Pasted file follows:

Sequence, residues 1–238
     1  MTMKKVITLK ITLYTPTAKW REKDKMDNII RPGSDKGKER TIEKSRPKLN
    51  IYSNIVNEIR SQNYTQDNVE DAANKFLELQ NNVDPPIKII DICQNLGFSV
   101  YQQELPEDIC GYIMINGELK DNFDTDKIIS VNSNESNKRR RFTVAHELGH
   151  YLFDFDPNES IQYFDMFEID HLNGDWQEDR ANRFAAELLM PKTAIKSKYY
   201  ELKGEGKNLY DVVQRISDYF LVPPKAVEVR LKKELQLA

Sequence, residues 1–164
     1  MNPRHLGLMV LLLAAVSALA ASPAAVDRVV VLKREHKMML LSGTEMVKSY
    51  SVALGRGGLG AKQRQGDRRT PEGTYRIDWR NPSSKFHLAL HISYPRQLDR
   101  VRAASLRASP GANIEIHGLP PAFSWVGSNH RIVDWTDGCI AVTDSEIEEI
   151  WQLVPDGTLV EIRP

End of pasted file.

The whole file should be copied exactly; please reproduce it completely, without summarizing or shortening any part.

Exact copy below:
Sequence, residues 1–238
     1  MTMKKVITLK ITLYTPTAKW REKDKMDNII RPGSDKGKER TIEKSRPKLN
    51  IYSNIVNEIR SQNYTQDNVE DAANKFLELQ NNVDPPIKII DICQNLGFSV
   101  YQQELPEDIC GYIMINGELK DNFDTDKIIS VNSNESNKRR RFTVAHELGH
   151  YLFDFDPNES IQYFDMFEID HLNGDWQEDR ANRFAAELLM PKTAIKSKYY
   201  ELKGEGKNLY DVVQRISDYF LVPPKAVEVR LKKELQLA

Sequence, residues 1–164
     1  MNPRHLGLMV LLLAAVSALA ASPAAVDRVV VLKREHKMML LSGTEMVKSY
    51  SVALGRGGLG AKQRQGDRRT PEGTYRIDWR NPSSKFHLAL HISYPRQLDR
   101  VRAASLRASP GANIEIHGLP PAFSWVGSNH RIVDWTDGCI AVTDSEIEEI
   151  WQLVPDGTLV EIRP